Deaths linked to painkiller raise fear
OxyContin - a drug used by cancer patients - is increasingly abused. Officials in the region are alarmed.
By Elisa Ung
INQUIRER STAFF WRITER
More and more bodies tested in morgues around the Philadelphia region show traces of the chemical found in OxyContin, chilling coroners with the realization that the powerful painkiller, when abused, has become a major people killer as well.
Chewed, snorted or injected for its heroin-like impact, OxyContin has been on the market since 1996, intended as medicine to ease pain in cancer patients and others. Death reports only now being compiled in the region show the extent of its abuse, with or without other drugs or alcohol.
The rising death toll of recent months has alarmed coroners and police. Many report younger victims and more cases in the suburbs.
Most coroners in the region say they began to see deaths rise last year, around the time that police saw OxyContin become a popular street drug. In 1999, oxycodone - the drug's primary ingredient - showed up in 17 bodies in Philadelphia. In 2000, the number rose to 41. In the first six months of this year, tests found the drug in 39 bodies and was the cause of death in 11 of those victims.
Also alarmed are patients who fear OxyContin hysteria will keep them from getting needed pain medication.
"In the area of prescription drugs, it's phenomenally different than anything we've seen as far as the fatality aspect," said Andy Demarest, who investigates controlled substance cases as Pennsylvania senior deputy attorney general. Particularly troublesome, he said, are the increasing reports of first-time abusers who chew only one of the time-release pills and succumb to the rush when the entire 12-hour dosage is released.
"Here you don't have to take 20 Vicodan to die, just the one OxyContin pill," Demarest said.
In Delaware County, oxycodone-related deaths rose so sharply in the last 18 months that county officials have made awareness a priority public-health issue. And in Philadelphia, legislators have called for public hearings because of the dramatic increase in oxycodone-related deaths.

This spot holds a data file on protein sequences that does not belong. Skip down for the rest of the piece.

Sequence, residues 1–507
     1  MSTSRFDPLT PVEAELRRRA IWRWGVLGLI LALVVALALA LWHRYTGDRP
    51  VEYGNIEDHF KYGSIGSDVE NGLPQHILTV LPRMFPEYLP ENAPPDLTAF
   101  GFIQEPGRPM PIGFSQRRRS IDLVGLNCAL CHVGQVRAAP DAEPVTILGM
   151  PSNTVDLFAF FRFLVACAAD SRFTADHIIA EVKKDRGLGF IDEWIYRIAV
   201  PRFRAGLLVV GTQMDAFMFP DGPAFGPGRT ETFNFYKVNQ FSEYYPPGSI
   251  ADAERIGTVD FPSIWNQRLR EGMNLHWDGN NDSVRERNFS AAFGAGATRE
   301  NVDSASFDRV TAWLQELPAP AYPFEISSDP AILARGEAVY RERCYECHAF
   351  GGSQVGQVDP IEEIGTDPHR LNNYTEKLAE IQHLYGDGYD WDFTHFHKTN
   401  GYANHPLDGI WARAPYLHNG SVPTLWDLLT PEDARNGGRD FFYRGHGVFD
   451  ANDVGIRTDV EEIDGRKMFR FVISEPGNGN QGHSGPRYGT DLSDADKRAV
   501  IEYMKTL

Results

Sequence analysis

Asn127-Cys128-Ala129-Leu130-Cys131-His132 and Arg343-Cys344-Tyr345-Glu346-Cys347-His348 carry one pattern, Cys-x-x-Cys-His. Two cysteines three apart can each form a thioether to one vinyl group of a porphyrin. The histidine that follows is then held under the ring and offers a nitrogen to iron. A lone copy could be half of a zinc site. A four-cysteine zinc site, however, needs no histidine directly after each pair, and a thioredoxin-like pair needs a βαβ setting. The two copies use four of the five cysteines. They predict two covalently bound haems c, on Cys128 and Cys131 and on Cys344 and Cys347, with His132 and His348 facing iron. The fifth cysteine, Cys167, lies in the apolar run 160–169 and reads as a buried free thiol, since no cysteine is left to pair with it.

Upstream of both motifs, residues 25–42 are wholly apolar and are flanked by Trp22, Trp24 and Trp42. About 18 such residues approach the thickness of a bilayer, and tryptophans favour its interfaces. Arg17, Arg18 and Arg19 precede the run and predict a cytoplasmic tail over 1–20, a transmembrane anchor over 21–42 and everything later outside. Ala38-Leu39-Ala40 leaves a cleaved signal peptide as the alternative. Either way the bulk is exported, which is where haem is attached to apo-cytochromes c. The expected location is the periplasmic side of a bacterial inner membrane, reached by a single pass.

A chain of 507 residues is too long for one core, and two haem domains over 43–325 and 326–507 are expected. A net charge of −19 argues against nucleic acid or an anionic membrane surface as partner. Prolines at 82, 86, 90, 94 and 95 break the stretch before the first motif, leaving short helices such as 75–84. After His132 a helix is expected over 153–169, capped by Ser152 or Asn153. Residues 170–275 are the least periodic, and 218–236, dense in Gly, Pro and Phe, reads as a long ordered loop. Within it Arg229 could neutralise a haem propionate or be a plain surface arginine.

Philadelphia Police Inspector Jerry Daley described the increase as particularly alarming. "It's going up at a tremendous rate that would cause anyone to look at it and say, 'Hey, what's going on?' " he said.
A federal survey shows the eight-county Philadelphia region's 115 oxycodone-related deaths from 1997 to 1999 led the nation for all three years - but authorities are uncertain whether the distinction reflects the country's worst problem or its best reporting of the statistics.
Philadelphia's oxycodone death toll, like the nation's, still pales compared to deaths from heroin and cocaine, officials are quick to point out. They don't hesitate to blame OxyContin for the recent, sharp fatality increases - not other, weaker oxycodone brands such as Percodan, Percocet and Tylox. Percodan and Percocet contain 4 to 5 milligrams of oxycodone, while OxyContin has 10 to 160.
"This drug [oxycodone] has been in use for 80 years," said Guy V. Purnell, chief toxicologist in the Philadelphia Medical Examiner's Office. "The controlled release has not been. It's that elevated dosage that's killing them."
In Delaware County, the sudden rise in deaths - from five in 1999 to 17 in 2000 - shocked coroner Fredric Hellman, who during an autopsy found four 40-mg OxyContin pills in a victim's stomach.
"When you see two deaths, three deaths, five deaths and then - 17 deaths!" Hellman said. "It doesn't take a rocket scientist to realize it's the OxyContin."
Delaware County's oxycodone victims were mostly middle-aged white men, but authorities believe the drug - known as "Oxy" or "OC" on the street - is flowing among teenagers. District Attorney Patrick Meehan fears OxyContin may be a gateway to heroin use.
"There's the perception," Meehan said, "that because it's a manufactured drug, it's somehow not as dangerous as an illegal drug."